Found thisUseful Common wood species
Lundy Wilder wrote us a while back ...... Here's one quick BBQ story, when we lived in Costa Rica way out in the boonies we told our CR neighbors that if they would kill and clean our loud rooster, we'd cook it like Memphis BBQ and split it with them. They did and I gathered various dry wood from trees I could not identify around our place. I slow cooked and smoked that bird a long time and when we ate it OUR MOUTHS WENT NUMB!! Mystery wood-who knows what it was.
Almost any hardwood makes very good embers for cooking. Normally, the denser the wood, the more lignin, and, therefore, more BTUs per cubic volume. Resinous woods such as pine, fir, juniper, cedar and yew are not normally used, with one exception. A few Scots use small amounts of green cedar boughs as a part of their final stage of cold smoking salmon.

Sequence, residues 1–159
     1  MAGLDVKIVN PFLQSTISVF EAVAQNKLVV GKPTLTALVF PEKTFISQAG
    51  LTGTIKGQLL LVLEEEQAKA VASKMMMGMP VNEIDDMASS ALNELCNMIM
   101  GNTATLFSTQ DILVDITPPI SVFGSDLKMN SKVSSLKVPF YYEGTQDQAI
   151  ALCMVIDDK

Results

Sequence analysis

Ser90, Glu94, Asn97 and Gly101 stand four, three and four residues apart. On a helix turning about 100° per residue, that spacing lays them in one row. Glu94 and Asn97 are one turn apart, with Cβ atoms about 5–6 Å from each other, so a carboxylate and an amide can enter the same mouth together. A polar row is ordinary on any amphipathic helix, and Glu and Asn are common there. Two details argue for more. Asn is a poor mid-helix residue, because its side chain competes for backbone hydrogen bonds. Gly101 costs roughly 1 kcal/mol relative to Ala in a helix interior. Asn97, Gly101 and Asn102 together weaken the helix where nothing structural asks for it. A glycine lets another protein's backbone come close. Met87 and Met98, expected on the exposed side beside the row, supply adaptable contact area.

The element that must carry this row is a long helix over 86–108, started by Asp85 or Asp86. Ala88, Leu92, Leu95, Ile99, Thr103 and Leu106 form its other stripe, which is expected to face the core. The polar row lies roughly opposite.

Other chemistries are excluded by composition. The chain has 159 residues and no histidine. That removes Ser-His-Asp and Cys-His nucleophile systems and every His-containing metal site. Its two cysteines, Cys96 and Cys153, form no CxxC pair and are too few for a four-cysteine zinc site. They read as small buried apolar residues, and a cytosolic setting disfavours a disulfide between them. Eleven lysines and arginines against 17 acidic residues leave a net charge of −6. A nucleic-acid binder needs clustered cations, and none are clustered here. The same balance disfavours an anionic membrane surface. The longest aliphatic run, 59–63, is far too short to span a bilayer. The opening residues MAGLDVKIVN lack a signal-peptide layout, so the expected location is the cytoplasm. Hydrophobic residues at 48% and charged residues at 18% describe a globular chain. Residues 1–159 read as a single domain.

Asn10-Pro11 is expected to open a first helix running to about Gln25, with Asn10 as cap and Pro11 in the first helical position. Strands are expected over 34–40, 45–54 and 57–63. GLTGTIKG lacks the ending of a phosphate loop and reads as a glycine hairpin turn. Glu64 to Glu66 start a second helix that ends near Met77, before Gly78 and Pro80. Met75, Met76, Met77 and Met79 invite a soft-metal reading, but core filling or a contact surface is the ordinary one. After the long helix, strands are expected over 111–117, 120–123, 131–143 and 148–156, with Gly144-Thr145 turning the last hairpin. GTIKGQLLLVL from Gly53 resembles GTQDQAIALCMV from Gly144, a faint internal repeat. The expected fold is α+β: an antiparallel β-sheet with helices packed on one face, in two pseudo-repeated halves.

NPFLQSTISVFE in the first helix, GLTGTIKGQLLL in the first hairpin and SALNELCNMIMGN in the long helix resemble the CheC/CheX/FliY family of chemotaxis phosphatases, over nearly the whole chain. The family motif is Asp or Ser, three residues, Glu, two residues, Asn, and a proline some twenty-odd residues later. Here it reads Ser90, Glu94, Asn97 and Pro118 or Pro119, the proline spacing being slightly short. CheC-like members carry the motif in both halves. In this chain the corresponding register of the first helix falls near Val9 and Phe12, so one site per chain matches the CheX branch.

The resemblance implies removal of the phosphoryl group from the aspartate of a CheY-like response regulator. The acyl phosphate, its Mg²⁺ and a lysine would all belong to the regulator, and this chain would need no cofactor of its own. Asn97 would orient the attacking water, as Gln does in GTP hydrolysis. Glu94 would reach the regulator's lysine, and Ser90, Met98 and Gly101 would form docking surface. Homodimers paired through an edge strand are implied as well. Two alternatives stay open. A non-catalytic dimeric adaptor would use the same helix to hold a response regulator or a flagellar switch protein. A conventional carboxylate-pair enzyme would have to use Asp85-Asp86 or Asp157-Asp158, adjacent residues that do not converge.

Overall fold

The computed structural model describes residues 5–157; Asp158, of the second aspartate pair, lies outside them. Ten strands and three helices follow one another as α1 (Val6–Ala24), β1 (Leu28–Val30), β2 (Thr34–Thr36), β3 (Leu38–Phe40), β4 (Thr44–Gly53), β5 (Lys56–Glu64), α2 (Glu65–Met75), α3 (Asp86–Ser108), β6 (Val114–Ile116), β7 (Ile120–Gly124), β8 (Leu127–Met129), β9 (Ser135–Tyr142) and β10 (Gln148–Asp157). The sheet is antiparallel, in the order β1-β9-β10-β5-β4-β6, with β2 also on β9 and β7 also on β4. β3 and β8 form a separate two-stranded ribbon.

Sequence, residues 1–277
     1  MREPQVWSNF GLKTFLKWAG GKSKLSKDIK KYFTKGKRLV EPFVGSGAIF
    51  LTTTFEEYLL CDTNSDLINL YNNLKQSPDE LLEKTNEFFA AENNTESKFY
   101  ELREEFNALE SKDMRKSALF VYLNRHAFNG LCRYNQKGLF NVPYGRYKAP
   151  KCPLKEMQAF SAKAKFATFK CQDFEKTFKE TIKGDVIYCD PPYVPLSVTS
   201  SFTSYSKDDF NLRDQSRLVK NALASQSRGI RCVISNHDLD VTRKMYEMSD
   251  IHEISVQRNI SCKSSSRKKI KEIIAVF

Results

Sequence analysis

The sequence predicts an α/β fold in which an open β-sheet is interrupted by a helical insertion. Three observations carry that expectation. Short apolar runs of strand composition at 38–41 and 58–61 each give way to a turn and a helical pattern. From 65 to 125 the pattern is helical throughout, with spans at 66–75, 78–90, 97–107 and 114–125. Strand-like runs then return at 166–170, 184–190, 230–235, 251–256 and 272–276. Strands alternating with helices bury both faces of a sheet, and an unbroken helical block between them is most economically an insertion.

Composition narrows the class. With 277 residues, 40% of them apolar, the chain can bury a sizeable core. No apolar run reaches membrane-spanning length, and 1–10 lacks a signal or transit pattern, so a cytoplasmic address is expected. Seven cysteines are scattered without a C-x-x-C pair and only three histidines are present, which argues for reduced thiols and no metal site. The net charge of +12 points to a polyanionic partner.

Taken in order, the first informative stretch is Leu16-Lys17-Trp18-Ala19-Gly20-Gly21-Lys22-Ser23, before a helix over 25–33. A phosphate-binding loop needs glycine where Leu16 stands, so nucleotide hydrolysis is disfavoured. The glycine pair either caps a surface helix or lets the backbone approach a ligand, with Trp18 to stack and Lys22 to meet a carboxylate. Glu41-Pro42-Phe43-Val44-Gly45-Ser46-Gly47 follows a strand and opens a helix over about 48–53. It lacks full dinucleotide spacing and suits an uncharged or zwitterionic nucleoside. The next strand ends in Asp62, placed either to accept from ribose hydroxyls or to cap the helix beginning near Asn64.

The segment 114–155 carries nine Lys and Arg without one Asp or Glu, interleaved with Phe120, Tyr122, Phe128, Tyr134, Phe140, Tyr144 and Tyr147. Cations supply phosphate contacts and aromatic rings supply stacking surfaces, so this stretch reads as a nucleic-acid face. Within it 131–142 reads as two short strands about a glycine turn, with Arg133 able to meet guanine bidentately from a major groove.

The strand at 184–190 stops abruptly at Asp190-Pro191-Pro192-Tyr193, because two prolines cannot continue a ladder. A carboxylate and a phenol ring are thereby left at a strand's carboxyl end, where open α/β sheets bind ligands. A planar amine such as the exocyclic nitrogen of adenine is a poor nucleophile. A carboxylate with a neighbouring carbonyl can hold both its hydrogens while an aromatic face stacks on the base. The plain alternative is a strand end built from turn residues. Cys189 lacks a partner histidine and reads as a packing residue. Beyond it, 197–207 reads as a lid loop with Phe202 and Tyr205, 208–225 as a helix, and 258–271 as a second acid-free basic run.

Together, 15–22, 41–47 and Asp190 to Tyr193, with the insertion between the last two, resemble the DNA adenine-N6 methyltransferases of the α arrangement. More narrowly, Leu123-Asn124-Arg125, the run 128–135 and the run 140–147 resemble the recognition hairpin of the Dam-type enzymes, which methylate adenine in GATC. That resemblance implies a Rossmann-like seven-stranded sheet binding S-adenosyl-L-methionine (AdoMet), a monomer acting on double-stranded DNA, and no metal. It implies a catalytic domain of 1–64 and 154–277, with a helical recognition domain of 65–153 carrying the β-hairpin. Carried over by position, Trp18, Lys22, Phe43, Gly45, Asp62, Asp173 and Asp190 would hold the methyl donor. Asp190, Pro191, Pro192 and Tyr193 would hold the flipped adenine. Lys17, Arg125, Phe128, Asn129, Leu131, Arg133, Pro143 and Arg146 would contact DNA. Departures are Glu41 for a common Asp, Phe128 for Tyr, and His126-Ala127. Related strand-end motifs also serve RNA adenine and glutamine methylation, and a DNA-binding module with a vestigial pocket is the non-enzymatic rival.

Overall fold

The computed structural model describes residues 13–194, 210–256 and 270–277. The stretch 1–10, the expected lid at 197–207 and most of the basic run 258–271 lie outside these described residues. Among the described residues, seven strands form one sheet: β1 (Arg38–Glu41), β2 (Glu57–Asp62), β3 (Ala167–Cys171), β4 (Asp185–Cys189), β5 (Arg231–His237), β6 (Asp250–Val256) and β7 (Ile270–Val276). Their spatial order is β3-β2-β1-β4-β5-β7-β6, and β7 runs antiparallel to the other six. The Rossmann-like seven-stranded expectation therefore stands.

Most commonly used woods, in alphabetical order: Apple/pear, ash, beech, birch, cherry, hickory/pecan, maple, oak.
Regional and miscellaneous woods: Mesquite, alder, citrus, any edible fruit, nut or berry, persimmon, sassafras, gum, pimiento, grape leaves and vines, hackberry, elm, chestnut, bay.
Questionable: Parts are poisonous, cause physical reaction or produce bad taste: China berry/mahogany, Osage orange, teak, tung, madrone, buckeye.
Definitely don't: Even the smoke can be poisonous!</B> Poison oak, poison sumac, oleander, pine and other resinous woods. Flavor quotient for common woods suitable